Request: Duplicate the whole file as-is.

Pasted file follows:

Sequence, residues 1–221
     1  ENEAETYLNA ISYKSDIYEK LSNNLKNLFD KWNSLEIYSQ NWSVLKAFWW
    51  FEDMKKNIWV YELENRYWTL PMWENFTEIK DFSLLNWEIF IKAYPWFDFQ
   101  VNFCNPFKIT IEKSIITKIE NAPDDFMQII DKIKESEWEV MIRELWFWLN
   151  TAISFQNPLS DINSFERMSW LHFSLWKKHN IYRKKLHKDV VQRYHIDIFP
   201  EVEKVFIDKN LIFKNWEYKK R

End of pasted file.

Sequence, residues 1–221
     1  ENEAETYLNA ISYKSDIYEK LSNNLKNLFD KWNSLEIYSQ NWSVLKAFWW
    51  FEDMKKNIWV YELENRYWTL PMWENFTEIK DFSLLNWEIF IKAYPWFDFQ
   101  VNFCNPFKIT IEKSIITKIE NAPDDFMQII DKIKESEWEV MIRELWFWLN
   151  TAISFQNPLS DINSFERMSW LHFSLWKKHN IYRKKLHKDV VQRYHIDIFP
   201  EVEKVFIDKN LIFKNWEYKK R